On a construction site, it is unlikely that the jobsite will always be wide open and have uncomplicated spaces that need to be captured. What is more likely is that contractors find they are accessing complex structures, tight spaces, or other geometry that would prohibit or inhibit the use of traditional scanning rigs. Rather than skipping those complex and tiny spaces, handheld scanning allows for a more complete capture of a jobsite.
With a handheld scanner, the footprint is much smaller, which enables it to fit where others cannot. Being handheld means that avoiding obstacles can be done at a close up scale rather than across a room, leading to a more complete scan with less tedious repositioning. The handheld scanner’s long pole can even be used to look into places where a full-sized person might not be able to squeeze through.
5. No FAA approval required
While drones are becoming more useful in construction, they are not always the best fit for certain construction sites. While drones are great for outdoor overviews, it can still be difficult to successfully and safely deploy them indoors. Combined with ever-changing drone regulations, using drones in construction is often not a straightforward endeavor. Adding a handheld scanner to your toolset, however, can more than make up for the places that drones cannot go, and no one needs approval from the FAA.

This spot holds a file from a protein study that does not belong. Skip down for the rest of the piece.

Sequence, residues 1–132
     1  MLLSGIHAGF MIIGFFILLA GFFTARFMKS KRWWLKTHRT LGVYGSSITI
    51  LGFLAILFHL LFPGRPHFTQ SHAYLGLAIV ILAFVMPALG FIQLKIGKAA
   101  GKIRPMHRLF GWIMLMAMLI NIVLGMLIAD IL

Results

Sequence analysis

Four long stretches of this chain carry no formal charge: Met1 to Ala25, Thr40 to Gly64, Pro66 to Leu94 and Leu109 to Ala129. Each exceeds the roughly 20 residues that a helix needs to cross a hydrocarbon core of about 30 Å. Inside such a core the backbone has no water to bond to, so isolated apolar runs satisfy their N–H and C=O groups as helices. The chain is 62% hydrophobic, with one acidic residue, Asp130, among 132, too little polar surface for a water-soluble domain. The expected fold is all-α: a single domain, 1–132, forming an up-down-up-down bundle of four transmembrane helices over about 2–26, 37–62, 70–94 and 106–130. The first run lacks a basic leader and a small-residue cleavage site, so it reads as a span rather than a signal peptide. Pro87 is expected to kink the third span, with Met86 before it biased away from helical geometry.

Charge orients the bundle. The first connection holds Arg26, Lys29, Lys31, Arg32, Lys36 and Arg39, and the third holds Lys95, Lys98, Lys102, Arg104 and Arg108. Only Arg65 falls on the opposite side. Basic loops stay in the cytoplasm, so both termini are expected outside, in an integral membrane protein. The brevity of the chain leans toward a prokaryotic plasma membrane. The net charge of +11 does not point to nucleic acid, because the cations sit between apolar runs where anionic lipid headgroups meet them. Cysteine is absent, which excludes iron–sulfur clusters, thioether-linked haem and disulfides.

6. People in the way? No problem.
Construction jobsites are active, with people moving from area to area based on what tasks are on the docket for the day. Waiting for a particular section to become empty to scan or scanning after hours (with employees accruing overtime) can be costly. Even asking a group of people to vacate an area is disruptive, and can slow down progress.
Handheld scanners, however, can work around people and still capture good data. As you scan, if people are relatively still for a minute or two as you walk by, the device will still capture the complete scene.
7. Get anyone up-to-speed with minimal training
Performing a scan with a handheld scanner has a much shallower learning curve than a traditional scanner, and requires far less training and expertise to operate. This can allow the task of scanning a jobsite to be distributed to available workers, rather than relegated to a single expert on-site.
A basic workflow involves turning on the scanner, putting into a holster or harness, and then walking around your asset or jobsite. The attached tablet display can be used to stop the scan once the route has been completed, and then the scanner will process the data. Attached displays even provide feedback as the scan is being captured, so anyone using the scanner is able to capture professional scans.
If you are interested in hearing more about the role of SLAM and mobile/handheld scanning to augment existing workflows, join us on May 27th for a webinar featuring speakers from Kaarta, Leica Geosystems, NavVis and GeoSLAM. Click on the banner below to register.